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Decisions made by the Federal Aviation Administration not to implement National Transportation Safety Board safety recommendations contributed to the cause of a fatal air tour helicopter crash, the NTSB said in a report approved in a public meeting Tuesday.
“When the NTSB issues safety recommendations, they are data-driven, supported by factual evidence developed from investigations, and are carefully crafted to prevent accidents,” said NTSB Chair Jennifer Homendy. “The NTSB previously made 11 recommendations to the FAA to prevent accidents like this one, but our recommendations only work when they are implemented. It’s time for the FAA to act.”
The seven-seat Airbus AS350 B2 helicopter operated by Safari Aviation as a commercial air tour crashed in deteriorating weather in a remote area of wooded terrain near Kekaha, Hawaii, on Dec. 26, 2019. The pilot and all six passengers died in the accident and the helicopter was destroyed.
Investigators found that the highly experienced, 69-year-old pilot, who was also Safari’s chief pilot and check airman, flew into a mountainous region shrouded in low clouds and fog and wasn’t able to exit the area of limited visibility before he either lost control of the helicopter or flew into rising terrain he wasn’t able to see.
Shortly before the accident flight departed on a planned 50-minute tour of the island of Kauai, an atypical weather pattern of low clouds and rain began to move onshore from the northwest into areas along the tour route. The NTSB identified three other air tour pilots that saw the weather and diverted their tours to avoid the low visibility conditions.
Investigators said the pilot’s decision to continue flight into deteriorating visibility was likely influenced by a lack of up-to-the-minute weather information, an unusual weather pattern, and “may have been influenced by the possibility that he inadequately assed the weather conditions in flight or was overconfident in his abilities.”
The NTSB said that a safety management system – an organization-wide program to manage risks and assure the effectiveness of safety controls – would have mitigated many of the safety issues identified in this accident. The NTSB initially recommended the FAA require air taxi and air tour operators to have safety management systems in 2016. Since the FAA refused to take such action, the board reiterated the recommendation for the sixth time.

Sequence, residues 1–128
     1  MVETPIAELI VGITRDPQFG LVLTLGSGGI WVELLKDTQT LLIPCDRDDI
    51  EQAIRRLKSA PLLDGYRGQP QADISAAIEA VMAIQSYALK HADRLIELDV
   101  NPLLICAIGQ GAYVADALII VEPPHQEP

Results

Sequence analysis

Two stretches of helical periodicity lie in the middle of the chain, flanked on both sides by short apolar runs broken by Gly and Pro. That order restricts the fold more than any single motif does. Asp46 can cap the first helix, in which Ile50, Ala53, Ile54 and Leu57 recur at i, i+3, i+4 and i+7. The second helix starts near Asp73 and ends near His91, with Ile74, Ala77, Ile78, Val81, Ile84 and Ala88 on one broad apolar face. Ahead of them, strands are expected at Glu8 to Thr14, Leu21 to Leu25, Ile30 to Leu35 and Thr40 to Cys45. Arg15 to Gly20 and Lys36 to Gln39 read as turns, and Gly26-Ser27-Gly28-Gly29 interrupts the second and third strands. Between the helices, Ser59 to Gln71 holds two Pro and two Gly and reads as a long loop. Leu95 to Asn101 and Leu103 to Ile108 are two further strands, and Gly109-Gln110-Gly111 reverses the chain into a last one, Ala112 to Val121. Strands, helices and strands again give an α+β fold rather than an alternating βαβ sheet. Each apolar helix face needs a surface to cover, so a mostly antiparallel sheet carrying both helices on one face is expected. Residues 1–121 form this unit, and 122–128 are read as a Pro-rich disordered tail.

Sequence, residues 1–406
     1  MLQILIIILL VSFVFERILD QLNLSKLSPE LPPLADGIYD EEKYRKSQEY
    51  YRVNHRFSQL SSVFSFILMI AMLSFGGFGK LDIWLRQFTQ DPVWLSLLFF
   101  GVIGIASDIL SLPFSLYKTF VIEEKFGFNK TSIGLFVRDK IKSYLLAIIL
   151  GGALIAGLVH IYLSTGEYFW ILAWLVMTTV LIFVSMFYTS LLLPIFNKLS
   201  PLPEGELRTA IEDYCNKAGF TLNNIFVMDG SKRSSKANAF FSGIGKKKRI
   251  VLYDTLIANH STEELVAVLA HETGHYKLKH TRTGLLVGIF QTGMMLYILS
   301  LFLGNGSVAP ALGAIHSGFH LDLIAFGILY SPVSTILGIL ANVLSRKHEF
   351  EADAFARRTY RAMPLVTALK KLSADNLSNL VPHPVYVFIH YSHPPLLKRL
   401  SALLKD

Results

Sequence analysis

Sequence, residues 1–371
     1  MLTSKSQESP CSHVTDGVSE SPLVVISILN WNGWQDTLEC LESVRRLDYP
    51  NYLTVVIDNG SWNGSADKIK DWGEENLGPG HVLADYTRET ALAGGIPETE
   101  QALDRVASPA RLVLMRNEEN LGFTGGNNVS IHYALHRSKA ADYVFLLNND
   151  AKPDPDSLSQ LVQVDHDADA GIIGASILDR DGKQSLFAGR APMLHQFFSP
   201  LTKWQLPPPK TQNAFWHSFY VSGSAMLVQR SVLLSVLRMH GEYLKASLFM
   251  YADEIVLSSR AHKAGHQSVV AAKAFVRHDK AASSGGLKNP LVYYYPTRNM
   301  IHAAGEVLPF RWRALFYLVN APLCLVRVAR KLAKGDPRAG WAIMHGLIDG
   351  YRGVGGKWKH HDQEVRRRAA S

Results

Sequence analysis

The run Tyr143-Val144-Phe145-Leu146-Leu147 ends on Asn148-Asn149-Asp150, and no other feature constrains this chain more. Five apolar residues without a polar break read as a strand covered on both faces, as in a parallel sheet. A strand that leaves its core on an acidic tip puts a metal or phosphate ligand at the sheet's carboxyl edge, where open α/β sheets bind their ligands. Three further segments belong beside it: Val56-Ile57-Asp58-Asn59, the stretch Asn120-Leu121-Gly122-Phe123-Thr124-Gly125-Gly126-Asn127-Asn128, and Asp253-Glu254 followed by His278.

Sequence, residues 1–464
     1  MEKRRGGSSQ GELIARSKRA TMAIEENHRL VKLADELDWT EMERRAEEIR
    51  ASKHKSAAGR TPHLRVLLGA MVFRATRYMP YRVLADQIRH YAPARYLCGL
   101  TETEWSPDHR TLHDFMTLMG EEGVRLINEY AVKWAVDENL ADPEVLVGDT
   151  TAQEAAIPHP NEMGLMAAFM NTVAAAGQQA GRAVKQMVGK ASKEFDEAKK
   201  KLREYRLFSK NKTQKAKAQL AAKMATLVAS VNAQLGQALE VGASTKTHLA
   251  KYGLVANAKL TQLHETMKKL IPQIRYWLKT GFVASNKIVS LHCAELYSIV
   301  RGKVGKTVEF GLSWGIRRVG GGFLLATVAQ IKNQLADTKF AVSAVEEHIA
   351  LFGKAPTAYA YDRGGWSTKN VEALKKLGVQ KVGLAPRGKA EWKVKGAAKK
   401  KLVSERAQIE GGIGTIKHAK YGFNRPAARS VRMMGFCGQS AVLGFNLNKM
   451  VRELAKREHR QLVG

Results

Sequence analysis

Investigators said the limitations of aviation infrastructure in some areas of Hawaii, including sparse weather observations and limitations in radio communications and flight tracking due to terrain interference, lead air tour pilots to rely heavily on their own assessment of enroute weather conditions.
As a result of previous fatal aviation accidents involving limited weather information and inflight weather assessments, the NTSB in 2007 recommended the FAA develop and require specialized inflight weather training for air tour operators in Hawaii. Investigators said the FAA’s failure to implement that recommendation deprived the pilot of training that could have given him the tools to better recognize and avoid hazardous weather conditions; the NTSB reiterated that recommendation.
The NTSB also said that because of the lack of information on the precise weather conditions the pilot encountered and his actions in response to them, the accident demonstrated the need for onboard recorders. The NTSB reiterated this recommendation, which it first made in 2013, saying that images, audio and flight data “would permit more definitive evaluation of the causes of fatal air tour accidents and identification of more effective measures to prevent them.”